National workforce capacity to implement the essential public health functions including a focus on emergency preparedness and response: Roadmap for aligning WHO and partner contributions


1. Introduction

The COVID-19 pandemic has exposed the weaknesses in the health systems of countries across the world. It has provided fresh impetus to strengthen health systems, revitalize the essential public health functions (EPHFs) and enhance emergency preparedness and response (EPR) capacities (1). Attaining universal health coverage (UHC) with investment in the EPHFs and ensuring health security through the implementation of the International Health Regulations (IHR 2005) are complementary goals; however, the essential role and impact of the workforce involved in these activities is often overlooked.

Many countries do not have a dedicated public health workforce policy or plan, or their plans have limited linkage to national health sector strategic plans, national action plans for health security and other disease-specific plans. In order to strengthen public health and emergency capability, it is important to understand the centrality of the public health workforce to their delivery. Monitoring the composition of the workforce which delivers the EPHFs (which includes a specific function and focus on EPR) is a key element of public health workforce planning to ensure the development of national capacity. It is important to avoid fragmented investments and efforts in building workforce capacity and instead utilize a system approach to ensure that the workforce is adaptive, agile and fit for purpose to meet diverse, ongoing and future public health challenges.

The Rome Declaration of 2021 (2), the G20 Italia Declaration of the G20 Health Ministers (3) and a series of World Health Assembly resolutions (4–7) call for investments in building workforce capacity and “readiness” to protect populations and accelerate progress towards UHC. This political consensus is welcomed. However, implementation must be grounded in:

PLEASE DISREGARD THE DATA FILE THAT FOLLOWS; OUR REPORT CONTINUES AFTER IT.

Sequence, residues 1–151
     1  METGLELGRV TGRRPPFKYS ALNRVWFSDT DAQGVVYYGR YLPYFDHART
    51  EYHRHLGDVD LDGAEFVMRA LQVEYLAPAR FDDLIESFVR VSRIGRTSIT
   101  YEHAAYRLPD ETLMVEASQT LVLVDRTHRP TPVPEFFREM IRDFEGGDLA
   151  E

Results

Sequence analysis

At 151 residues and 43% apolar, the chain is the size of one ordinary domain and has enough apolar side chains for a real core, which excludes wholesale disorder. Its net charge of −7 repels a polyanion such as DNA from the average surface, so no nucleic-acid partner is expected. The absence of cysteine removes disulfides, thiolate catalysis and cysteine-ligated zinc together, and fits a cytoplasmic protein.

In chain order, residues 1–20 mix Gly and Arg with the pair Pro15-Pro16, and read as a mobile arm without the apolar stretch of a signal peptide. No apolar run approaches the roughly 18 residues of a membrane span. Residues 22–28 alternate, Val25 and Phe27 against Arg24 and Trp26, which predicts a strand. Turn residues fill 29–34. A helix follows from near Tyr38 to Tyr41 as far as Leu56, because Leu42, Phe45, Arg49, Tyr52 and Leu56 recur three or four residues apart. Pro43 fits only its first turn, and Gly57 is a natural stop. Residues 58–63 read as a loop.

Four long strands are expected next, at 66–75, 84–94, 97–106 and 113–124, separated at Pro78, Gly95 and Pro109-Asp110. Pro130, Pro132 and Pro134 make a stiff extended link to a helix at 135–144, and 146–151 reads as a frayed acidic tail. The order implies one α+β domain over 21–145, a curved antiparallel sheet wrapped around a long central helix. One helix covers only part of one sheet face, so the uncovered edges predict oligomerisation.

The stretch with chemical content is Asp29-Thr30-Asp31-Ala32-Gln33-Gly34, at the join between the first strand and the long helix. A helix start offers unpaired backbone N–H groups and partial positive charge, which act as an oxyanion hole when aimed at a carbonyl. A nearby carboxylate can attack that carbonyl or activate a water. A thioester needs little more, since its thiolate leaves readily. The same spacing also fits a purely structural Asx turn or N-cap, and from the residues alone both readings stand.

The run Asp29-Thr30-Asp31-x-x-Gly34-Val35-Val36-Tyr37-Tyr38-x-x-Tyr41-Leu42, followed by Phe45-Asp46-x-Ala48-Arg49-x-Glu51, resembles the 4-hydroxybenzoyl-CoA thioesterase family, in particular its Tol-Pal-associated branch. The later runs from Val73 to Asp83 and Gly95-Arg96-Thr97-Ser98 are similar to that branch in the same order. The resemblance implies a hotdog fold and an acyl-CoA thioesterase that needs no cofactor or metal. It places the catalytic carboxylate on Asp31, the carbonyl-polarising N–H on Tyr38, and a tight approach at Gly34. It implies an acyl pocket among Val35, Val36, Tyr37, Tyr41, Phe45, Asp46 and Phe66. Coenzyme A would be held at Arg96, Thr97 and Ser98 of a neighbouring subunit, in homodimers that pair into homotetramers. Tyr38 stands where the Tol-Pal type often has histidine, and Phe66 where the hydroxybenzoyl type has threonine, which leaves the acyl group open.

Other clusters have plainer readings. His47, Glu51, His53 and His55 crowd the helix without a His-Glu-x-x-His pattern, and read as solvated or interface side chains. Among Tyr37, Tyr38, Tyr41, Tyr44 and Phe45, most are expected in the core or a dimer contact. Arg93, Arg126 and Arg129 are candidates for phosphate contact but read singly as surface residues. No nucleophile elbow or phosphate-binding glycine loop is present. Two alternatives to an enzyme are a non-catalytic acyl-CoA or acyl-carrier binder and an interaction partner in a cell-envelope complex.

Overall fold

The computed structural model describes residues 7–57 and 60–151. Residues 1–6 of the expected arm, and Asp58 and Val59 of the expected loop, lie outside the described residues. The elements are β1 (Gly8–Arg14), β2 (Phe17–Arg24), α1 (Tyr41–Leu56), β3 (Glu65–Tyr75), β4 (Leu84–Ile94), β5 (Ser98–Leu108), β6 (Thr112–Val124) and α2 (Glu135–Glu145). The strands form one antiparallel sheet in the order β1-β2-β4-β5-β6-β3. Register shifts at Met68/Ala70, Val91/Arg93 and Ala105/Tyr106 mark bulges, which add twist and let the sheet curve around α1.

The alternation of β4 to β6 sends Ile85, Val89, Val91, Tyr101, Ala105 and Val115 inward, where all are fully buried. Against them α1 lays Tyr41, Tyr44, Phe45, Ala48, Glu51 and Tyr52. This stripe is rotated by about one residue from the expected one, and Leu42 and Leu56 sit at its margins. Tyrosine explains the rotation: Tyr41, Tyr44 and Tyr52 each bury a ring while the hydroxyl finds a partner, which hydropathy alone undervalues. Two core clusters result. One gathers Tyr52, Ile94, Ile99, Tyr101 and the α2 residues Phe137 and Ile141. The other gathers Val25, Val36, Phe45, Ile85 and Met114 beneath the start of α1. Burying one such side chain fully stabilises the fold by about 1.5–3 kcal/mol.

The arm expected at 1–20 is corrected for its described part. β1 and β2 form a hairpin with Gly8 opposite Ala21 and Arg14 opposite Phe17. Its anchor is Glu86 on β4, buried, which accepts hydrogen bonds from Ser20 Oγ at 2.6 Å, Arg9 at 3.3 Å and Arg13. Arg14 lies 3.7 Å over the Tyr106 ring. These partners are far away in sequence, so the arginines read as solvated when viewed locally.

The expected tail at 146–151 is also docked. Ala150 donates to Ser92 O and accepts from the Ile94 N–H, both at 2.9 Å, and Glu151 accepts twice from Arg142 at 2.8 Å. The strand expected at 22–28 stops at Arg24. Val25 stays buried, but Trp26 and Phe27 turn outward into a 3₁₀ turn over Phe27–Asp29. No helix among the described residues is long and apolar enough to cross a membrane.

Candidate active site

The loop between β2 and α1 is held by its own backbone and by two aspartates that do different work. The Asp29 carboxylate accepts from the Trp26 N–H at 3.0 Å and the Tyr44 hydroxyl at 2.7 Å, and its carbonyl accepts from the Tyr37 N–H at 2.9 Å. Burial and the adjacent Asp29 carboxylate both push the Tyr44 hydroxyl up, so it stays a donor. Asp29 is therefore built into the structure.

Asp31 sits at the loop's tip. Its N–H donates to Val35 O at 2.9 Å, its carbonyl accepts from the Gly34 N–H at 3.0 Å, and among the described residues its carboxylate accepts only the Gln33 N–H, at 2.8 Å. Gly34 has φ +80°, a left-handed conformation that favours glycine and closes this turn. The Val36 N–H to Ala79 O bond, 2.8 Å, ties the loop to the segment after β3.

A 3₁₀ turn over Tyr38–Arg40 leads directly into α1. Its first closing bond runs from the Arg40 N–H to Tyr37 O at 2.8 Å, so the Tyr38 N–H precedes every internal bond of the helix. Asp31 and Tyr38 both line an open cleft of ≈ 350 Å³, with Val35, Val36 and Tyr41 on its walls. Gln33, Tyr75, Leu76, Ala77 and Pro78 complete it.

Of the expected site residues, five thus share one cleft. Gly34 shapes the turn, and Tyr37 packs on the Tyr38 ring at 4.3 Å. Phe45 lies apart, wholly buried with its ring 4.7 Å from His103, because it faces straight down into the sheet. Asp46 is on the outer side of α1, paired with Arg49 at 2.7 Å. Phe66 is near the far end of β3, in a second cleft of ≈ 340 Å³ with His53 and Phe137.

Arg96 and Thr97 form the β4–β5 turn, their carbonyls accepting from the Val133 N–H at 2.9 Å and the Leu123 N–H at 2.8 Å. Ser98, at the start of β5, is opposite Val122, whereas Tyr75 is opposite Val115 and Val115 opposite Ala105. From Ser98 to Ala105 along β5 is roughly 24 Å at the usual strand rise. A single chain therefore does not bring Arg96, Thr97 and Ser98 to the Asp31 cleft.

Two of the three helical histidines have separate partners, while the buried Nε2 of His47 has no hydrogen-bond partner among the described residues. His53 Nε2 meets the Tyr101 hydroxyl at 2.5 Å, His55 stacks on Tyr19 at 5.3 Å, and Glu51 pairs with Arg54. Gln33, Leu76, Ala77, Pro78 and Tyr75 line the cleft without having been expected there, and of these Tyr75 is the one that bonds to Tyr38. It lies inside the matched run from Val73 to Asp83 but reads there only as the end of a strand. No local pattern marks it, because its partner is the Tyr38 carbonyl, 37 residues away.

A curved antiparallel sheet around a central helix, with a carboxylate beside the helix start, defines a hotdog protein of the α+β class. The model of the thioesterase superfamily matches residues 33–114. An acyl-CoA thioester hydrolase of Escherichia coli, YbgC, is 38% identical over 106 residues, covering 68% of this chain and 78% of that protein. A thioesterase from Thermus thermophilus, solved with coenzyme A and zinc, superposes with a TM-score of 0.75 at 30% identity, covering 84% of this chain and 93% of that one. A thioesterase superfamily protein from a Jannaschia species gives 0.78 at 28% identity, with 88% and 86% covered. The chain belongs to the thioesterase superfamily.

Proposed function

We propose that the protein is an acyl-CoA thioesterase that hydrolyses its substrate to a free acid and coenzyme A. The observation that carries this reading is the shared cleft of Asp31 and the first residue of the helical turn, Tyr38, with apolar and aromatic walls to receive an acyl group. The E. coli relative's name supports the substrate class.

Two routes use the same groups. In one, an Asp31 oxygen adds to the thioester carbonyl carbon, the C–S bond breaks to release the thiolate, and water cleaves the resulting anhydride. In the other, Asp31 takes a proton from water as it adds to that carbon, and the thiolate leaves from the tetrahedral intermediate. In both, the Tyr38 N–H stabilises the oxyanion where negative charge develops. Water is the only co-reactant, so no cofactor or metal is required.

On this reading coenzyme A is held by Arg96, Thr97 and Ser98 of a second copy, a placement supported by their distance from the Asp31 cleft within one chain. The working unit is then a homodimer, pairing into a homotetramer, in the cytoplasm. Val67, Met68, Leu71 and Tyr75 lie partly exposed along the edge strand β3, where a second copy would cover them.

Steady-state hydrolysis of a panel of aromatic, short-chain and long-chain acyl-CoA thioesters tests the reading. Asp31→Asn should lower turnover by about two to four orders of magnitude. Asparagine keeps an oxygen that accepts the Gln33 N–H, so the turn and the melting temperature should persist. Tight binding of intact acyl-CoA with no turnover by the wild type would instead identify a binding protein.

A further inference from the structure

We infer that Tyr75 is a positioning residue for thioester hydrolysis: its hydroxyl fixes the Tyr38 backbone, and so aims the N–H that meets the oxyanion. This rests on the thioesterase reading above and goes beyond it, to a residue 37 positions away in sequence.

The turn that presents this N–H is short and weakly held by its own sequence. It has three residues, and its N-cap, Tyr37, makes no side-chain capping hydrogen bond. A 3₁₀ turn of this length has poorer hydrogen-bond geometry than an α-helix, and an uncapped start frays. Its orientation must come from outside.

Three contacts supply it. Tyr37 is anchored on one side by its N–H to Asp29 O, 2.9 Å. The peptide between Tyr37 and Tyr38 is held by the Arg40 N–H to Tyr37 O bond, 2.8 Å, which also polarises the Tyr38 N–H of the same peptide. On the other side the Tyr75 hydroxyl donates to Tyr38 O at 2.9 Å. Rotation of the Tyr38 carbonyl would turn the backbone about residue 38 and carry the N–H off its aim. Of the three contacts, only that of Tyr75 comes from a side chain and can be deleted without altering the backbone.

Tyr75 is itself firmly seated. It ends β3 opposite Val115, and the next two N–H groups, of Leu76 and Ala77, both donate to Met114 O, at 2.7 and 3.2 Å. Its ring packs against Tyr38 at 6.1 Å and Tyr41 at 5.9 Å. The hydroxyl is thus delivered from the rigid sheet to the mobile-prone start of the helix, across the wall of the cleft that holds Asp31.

• A shared understanding of the skills and competencies needed to deliver the EPHFs.

  • A shared understanding of the composition of the workforce which delivers the EPHFs.

  • Alignment with broader health workforce policy, planning and investment, including international standards of classification.

  • Alignment and integration with broader health sector reforms, policies, plans and ongoing health system strengthening efforts.

The chronic underinvestment and lack of attention to public health has resulted in depleted country capacity to deliver the EPHFs and take integrated action within and outside the health sector. This includes, for example, using a One Health approach, which aims to design and implement research, programmes, policies and legislation in which multiple sectors (such as public health, veterinary, agriculture, environment, climate and planetary health) communicate and work together to achieve better public health outcomes. Building an integrated, multidisciplinary and multisectoral workforce which can perform part or all of the EPHFs (including EPR) through health system strengthening is a sound return on investment. This can help meet the challenges brought about by COVID-19 as well as better prepare the world to prevent future pandemics, and other public health threats that could have significant impact on economies and social development (e.g. climate-related events, zoonotic spillover, noncommunicable diseases [NCDs], antimicrobial resistance [AMR]).


A strengthened workforce in every country; delivering all the essential public health functions including emergency preparedness and response for UHC, health security and improved health and well-being.

Purpose of the roadmap

  • Outline the actions to identify the skills and competencies needed to deliver the essential public health functions, including a specific focus on emergency preparedness and response.

  • Develop a shared understanding on the definition, classification and scope of practice of the workforce engaged in delivering these functions.

  • Provide high-level guidance and develop global public goods in public health workforce policy and planning, the measurement and assessment of workforce capacity, and competency-based education to help countries bolster their national workforce capacity and readiness.

  • Mobilize global political leadership, stakeholder partnerships and collaboration around an integrated approach to strengthening the public health workforce for the achievement of UHC and global health security.

Target audience

Policy-makers, health workers and key stakeholders within and outside the health sector involved in public health and emergency preparedness and response.